Dr. Joshua Vaughan is one of our 2021 Outstanding Master’s Mentor Award recipients. This award is presented by the Graduate School to members of the graduate faculty with an exceptional record of fostering the academic and professional development of graduate students, particularly for graduate students in our master’s degree programs.
Vaughan is an associate professor in the Department of Mechanical Engineering. His research includes a variety of controls and robotics-related work, including vibration control, input shaping, crane control, human-machine interfaces, autonomous vehicles, and the design and control of robots for inspection, rescue, and manufacturing.
Since joining the UL Lafayette faculty in 2012, he has advised and chaired committees for fifteen graduates, eleven who completed an M.S. thesis and four who completed the M.S. degree following a non-thesis track. He currently advises three additional M.S. graduate students, in addition to another pursuing the Ph.D. degree in Systems Engineering.
Vaughan is currently stationed at the Oak Ridge National Laboratory while continuing to mentor his graduate students. His work at the lab brings his expertise in automation, robotics, and autonomous navigation skills to the problems arising in modern additive and subtractive manufacturing.
His commitment to providing strong mentorship to our graduate students, notes Dr. Alan Barhorst, Alumni Association/LEQSF Professor and Department Head of Mechanical Engineering, is particularly exemplary given his field of study.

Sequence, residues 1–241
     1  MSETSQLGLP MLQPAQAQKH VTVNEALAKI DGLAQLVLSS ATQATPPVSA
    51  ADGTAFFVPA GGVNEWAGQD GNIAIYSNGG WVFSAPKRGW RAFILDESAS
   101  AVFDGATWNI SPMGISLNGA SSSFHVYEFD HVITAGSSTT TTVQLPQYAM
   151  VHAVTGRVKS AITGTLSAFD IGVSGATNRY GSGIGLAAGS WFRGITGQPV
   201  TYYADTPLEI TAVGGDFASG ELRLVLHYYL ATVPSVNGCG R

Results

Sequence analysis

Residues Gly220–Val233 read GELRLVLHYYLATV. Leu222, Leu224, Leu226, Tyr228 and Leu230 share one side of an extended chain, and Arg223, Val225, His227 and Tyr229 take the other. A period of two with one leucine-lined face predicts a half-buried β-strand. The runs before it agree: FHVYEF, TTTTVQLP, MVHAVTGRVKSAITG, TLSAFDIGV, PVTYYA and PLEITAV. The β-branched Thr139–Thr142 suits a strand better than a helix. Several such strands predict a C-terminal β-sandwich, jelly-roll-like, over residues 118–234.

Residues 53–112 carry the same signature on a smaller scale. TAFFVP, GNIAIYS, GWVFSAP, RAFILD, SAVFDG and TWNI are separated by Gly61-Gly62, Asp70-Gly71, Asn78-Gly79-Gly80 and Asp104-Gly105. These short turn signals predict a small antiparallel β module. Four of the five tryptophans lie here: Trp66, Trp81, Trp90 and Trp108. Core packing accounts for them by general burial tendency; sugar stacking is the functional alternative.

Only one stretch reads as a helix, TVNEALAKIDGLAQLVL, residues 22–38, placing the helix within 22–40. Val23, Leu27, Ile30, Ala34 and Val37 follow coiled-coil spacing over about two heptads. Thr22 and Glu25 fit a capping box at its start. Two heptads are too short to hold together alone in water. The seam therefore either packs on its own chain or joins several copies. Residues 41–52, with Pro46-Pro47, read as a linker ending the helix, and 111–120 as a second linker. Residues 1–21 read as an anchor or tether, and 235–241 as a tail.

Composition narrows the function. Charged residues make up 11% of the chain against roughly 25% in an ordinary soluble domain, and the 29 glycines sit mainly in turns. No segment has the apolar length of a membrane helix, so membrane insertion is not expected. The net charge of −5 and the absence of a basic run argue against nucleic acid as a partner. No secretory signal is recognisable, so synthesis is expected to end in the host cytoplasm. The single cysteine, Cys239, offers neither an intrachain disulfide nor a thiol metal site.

“The work that is needed to successfully mentor students in the field of Controls and Robotics is intense,” he says. “The application of this theory to practice takes a melding of many disciplines from electronics to mechanics.”
Vaughan says his primary job as a mentor is to provide students “the support and resources necessary to help them fulfill their potential.”
He stresses the importance of giving students the space to develop their own research questions and pursue the answers to them.
“I prioritize student learning and growth over short-term results.”
Vaughan is also committed to helping his students develop leadership skills. His graduate students serve as the team lead for 3-5 undergraduate student researchers in Vaughan’s C.R.A.W.Lab.
In addition to weekly group meetings, Vaughan meets individually with the students in his research groups, and maintains a Slack chat page as a way for students to quickly get answers to their questions.
Communicating clearly about expectations is also key to his approach to mentoring. All lab members help to maintain a “How to CRAWLAB” document that outlines guiding principles, meeting formats, and scheduling expectations. The group also follows a code of conduct that promotes diversity, equity, and inclusion.
Vaughan is dedicated to providing his students with opportunities to travel and connect with other researchers. In addition to presenting their work at conferences, his students have spent time working abroad, including at the Tokyo Institute of Technology in Japan and the Kumoh National Institute of Technology in Korea; and another student also spent several weeks working at HiBot, a Japanese company Vaughan collaborates with for research.
“I believe that researchers, students included, should be active participants in the global research community,” Vaughan says.